One of the big problems we are finding in many Western nations which basically run on two-party systems is that more and more often, the so-called conservative parties are nothing of the sort. Too often they end up being pale imitations of the leftist parties.
Instead of proudly standing on their conservative credentials, they move ever leftward, thinking that this will prove to be more politically viable. But all they are doing is signing their own death warrants. If they simply want to mimic the left, then they should stop pretending they are conservatives, and in fact jump ship and join the lefties.
Indeed, when we get Republicans in the US for example telling us we need to move more to the left, and start embracing things like homosexual marriage, then you know the party is in bad shape. And when they keep offering moderates to run for President, they just keep shooting themselves in the foot – and keep losing.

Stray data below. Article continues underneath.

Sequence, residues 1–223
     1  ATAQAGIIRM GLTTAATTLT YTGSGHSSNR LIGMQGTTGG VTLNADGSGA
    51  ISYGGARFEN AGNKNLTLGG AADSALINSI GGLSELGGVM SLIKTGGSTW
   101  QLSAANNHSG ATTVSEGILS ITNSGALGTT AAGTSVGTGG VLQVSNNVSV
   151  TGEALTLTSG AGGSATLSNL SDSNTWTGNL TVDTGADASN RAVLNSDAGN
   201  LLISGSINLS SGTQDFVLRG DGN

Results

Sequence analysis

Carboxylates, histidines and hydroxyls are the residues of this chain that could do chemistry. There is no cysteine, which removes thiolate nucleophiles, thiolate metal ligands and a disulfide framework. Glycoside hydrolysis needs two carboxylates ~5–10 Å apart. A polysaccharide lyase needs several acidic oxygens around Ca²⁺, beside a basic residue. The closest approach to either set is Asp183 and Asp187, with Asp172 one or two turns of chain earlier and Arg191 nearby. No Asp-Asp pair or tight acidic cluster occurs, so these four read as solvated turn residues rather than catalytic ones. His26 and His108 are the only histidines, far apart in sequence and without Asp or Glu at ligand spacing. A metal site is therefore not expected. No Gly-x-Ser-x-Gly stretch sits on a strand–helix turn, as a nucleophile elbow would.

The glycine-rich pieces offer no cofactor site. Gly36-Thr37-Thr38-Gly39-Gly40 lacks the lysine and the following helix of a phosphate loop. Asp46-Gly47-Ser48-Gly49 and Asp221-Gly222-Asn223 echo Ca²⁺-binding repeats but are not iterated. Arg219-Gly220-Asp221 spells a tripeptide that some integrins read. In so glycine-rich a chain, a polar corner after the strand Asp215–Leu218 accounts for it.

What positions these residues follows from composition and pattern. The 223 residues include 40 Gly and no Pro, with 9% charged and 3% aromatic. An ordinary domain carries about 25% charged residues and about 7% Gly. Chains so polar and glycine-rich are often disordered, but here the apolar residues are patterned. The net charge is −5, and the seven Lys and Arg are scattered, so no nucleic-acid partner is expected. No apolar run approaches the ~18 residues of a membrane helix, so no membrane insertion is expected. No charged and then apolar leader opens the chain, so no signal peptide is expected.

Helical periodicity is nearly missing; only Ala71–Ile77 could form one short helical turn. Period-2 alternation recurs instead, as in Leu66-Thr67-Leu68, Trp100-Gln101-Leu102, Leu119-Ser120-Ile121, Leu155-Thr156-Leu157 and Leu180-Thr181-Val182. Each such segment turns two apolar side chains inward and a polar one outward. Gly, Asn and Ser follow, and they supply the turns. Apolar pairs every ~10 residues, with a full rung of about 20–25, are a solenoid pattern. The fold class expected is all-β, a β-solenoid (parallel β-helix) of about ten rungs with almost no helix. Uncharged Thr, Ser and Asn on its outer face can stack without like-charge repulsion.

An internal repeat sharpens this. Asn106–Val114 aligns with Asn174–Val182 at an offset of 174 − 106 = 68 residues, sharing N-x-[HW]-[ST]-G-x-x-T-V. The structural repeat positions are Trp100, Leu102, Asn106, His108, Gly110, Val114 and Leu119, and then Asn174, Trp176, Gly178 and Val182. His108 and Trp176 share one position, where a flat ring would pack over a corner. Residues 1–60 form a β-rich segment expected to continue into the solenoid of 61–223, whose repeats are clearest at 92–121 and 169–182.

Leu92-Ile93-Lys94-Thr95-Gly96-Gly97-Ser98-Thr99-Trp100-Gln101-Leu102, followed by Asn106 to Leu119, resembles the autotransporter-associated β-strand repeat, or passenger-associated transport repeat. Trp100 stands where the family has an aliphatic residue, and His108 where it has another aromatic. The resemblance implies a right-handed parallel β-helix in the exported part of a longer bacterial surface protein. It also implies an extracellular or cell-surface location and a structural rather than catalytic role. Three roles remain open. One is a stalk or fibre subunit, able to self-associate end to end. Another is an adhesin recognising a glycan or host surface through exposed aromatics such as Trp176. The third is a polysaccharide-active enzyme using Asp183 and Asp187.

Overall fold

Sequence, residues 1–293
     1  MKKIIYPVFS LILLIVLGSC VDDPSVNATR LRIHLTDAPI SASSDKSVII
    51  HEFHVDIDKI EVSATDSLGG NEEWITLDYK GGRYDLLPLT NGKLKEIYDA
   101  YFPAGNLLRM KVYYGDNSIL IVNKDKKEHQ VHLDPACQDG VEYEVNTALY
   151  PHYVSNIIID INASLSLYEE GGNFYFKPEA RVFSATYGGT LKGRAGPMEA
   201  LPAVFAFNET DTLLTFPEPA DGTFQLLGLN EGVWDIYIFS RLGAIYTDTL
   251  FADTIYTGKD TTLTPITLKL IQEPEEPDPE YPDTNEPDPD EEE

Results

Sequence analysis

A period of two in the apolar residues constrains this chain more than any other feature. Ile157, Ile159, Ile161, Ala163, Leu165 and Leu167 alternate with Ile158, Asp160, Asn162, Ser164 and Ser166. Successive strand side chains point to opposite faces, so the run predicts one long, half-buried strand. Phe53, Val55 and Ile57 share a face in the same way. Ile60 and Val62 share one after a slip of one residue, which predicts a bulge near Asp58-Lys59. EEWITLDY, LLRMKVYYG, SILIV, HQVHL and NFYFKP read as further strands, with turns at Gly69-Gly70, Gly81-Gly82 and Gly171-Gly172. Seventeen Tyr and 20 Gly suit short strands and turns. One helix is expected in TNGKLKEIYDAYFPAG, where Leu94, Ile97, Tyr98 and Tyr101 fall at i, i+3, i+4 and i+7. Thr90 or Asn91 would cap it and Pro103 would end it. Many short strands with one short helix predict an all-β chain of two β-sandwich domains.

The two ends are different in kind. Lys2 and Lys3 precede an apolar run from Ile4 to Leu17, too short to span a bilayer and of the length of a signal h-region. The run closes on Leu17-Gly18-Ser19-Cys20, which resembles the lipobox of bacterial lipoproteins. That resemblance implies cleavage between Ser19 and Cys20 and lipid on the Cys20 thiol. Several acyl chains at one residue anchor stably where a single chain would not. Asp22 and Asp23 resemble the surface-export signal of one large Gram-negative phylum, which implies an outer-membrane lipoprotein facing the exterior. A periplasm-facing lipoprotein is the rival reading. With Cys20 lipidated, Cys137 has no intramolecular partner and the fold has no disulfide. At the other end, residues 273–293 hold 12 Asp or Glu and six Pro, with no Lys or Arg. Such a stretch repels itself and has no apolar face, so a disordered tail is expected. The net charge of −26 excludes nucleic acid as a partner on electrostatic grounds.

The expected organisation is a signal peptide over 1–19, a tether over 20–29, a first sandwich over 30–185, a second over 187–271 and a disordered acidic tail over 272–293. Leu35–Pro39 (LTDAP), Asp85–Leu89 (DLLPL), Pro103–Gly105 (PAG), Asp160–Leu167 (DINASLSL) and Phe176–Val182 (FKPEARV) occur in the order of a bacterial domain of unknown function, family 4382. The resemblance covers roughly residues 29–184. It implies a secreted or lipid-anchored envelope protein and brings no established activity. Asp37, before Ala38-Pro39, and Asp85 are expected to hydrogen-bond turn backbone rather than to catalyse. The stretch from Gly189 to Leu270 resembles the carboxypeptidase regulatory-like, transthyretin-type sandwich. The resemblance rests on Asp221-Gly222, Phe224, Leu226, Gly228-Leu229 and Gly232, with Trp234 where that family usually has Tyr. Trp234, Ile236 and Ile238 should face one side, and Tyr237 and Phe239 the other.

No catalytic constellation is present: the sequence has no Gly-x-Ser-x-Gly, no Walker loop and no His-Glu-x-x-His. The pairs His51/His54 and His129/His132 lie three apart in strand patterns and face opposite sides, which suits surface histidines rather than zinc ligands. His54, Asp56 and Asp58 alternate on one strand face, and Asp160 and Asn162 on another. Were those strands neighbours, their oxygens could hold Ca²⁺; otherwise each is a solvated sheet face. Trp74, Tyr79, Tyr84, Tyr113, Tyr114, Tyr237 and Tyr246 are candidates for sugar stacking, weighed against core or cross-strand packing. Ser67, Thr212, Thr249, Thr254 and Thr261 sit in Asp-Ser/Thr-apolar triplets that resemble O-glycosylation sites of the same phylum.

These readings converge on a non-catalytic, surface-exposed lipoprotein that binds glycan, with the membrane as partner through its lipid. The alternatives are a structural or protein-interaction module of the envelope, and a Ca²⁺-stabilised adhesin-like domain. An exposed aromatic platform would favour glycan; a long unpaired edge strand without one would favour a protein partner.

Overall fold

Things are just as bad in Australia, certainly at the state level. In one state after another where the Liberals have gotten into power, they end up talking, thinking and acting just like the former Labor leaders. When Liberal leaders in Australia do all the idiotic stuff that Labor leaders do, then we really are in bad shape.
We see this especially in Victoria under Baillieu and in NSW under O’Farrell. One of the first things the latter did when winning office was to say, ‘Sure, we will be more than happy to keep funding the Gay and Lesbian Mardi Gras’. He has been more or less in this ‘I like the left’ mode ever since.
Consider this latest outrage: “The controversial commentators Alan Jones and Andrew Bolt are due to be called before an inquiry that will consider strengthening anti-discrimination laws to make it easier to convict people for serious racial vilification. The inquiry was ordered by the Premier, Barry O’Farrell, who is concerned there have been no successful criminal prosecutions in the history of the NSW laws and that they have fallen out of step with community expectations. The move is likely to inflame the debate over freedom of speech, amid warnings that broadening the laws could be dangerous and unacceptable.”